Netflix raised its monthly subscription fee for new subscribers in most European countries by 1 euro (or $1.10) to €9.99 following the subscription price hike in the U.S. last year. Netflix assured existing subscribers or “members,” as the firm pronounces them, will remain unaffected until May 2016.
Netflix needs money to continue with good services
Netflix users were informed through the mail, and the streaming firm justified the price hike to “continue providing good series and films.” However, the basic non-HD subscription will cost the same and $8.86 or €7.99 monthly, and the premium subscription is priced at $13.30 or €11.99.
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Netflix’s price hike will impact most European nations where it operates, such as the Netherlands, Germany and France. In Switzerland, the streaming service giant announced a nearly equal hike in the standard subscription from $13.20 (CHF 12.90) to $15.26 (CHF 14.90) a month. A similar hike was made in the U.K. and the Nordics earlier this year.
Future Source Consulting, a British research firm, believes the U.S. firm has nearly 750,000 users in France, which is almost three times the number put forward by the French Ministry of Culture. Netflix hasn’t provided any numbers for Europe.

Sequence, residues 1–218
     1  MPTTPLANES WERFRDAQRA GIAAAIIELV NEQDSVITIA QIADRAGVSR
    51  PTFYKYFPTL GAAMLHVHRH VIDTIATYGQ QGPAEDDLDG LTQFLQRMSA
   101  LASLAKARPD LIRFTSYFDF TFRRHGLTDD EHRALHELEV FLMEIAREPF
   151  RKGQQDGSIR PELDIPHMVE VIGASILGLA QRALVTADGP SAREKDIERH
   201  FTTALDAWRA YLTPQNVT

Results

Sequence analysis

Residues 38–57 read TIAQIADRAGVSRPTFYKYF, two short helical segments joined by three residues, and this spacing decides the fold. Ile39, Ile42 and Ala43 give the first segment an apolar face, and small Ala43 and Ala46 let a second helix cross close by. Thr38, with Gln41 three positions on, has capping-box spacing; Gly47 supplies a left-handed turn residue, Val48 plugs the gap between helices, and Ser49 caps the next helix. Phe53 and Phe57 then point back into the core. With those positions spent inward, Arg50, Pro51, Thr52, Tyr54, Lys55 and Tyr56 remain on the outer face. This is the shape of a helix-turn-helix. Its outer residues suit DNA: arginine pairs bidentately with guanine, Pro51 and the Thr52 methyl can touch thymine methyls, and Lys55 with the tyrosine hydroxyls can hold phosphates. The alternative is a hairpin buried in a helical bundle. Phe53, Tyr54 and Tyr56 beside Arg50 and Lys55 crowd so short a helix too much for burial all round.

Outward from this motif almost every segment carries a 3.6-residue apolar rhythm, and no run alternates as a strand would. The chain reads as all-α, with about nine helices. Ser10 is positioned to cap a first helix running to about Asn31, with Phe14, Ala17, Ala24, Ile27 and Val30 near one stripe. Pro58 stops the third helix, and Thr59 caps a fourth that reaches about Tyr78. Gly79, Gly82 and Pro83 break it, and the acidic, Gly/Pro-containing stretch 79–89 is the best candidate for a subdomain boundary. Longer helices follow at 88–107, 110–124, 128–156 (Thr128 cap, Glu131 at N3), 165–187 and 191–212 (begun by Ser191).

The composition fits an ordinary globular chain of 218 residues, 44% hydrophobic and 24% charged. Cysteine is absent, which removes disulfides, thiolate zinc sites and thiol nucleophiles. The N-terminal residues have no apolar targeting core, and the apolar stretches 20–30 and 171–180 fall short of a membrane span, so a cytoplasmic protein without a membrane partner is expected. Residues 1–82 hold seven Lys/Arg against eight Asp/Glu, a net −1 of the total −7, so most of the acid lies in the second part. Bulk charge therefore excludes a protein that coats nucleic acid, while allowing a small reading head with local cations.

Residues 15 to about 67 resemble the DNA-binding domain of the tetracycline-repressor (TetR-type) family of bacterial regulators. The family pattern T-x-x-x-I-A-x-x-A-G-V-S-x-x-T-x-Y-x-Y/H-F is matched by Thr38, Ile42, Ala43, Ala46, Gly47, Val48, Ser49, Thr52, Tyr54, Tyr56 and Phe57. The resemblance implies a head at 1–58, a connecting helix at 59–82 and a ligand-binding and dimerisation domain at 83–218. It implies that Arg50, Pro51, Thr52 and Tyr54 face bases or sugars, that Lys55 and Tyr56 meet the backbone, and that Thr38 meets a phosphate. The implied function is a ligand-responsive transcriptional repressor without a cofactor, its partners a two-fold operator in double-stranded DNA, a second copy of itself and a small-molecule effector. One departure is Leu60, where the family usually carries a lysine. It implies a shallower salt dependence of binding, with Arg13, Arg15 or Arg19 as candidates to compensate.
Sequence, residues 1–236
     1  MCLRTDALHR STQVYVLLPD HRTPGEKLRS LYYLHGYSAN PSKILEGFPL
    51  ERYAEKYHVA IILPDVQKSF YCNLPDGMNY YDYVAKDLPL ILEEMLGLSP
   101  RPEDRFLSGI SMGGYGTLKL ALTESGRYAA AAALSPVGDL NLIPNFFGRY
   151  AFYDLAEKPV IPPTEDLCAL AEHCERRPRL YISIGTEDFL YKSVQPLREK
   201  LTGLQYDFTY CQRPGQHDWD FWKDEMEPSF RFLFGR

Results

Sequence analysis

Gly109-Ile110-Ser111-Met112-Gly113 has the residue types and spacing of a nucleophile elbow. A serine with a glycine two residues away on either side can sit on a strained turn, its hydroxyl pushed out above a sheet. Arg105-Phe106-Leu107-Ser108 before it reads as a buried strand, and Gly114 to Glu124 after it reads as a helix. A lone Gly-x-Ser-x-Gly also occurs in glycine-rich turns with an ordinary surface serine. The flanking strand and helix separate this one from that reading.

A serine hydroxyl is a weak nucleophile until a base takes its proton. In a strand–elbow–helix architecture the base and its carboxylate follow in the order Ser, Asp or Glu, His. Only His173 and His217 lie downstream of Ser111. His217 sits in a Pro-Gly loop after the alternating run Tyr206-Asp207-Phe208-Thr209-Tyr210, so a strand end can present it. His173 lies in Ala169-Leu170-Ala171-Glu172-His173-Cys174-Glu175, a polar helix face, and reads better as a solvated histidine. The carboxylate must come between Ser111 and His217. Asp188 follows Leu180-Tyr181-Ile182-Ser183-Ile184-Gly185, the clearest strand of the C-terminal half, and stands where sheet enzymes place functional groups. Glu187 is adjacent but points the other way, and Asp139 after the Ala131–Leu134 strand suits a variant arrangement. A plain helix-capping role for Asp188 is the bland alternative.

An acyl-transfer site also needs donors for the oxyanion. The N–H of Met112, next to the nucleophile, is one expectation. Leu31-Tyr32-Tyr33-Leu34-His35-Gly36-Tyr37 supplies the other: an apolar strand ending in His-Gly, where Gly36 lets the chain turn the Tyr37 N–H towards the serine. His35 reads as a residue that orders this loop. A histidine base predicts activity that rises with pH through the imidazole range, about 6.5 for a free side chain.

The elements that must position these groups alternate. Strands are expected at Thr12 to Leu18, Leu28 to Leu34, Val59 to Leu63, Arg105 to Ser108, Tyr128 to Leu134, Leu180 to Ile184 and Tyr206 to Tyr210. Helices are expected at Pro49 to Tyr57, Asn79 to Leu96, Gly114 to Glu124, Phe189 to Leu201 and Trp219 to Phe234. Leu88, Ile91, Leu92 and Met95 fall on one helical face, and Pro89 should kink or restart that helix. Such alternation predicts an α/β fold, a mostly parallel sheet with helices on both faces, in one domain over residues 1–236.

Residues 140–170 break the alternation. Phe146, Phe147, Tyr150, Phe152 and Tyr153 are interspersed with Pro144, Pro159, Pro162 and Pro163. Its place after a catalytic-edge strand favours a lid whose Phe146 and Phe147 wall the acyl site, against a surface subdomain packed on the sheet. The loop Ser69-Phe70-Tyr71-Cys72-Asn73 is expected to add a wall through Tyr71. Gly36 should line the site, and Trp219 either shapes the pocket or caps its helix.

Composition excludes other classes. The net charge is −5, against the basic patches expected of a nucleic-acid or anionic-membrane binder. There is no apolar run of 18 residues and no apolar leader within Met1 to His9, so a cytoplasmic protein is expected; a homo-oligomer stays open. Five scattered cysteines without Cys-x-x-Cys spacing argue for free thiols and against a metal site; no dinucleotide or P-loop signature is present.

Germany, with 650,000 subscribers, is the second-biggest continental market for Netflix, claims Future Source Consulting. But with 4.5 million subscribers, U.K. remains the largest international market for the streaming firm. The U.S. firm is set to launch in Italy, Spain and Portugal later this year.
Foreign markets key for growth
Netflix, which is the biggest streaming service globally, is looking to foreign markets to push its next phase of growth as CEO Reed Hastings finds more ways to get a financial backup for the company’s expanding content budget. In the second quarter, Netflix gained 2.37 million subscribers in the international market, which is double the number of additions it made in its home market.
“There’s definitely more room for them to grow on the continent,” James Cordwell, an analyst at Atlantic Equities, told Bloomberg. “I don’t think the price increase will have a material impact on their growth trajectory given it’s still a relatively modest sum versus most other pay-TV alternatives.”
Last year, Netflix raised its prices globally, marking its first price hike since 2011.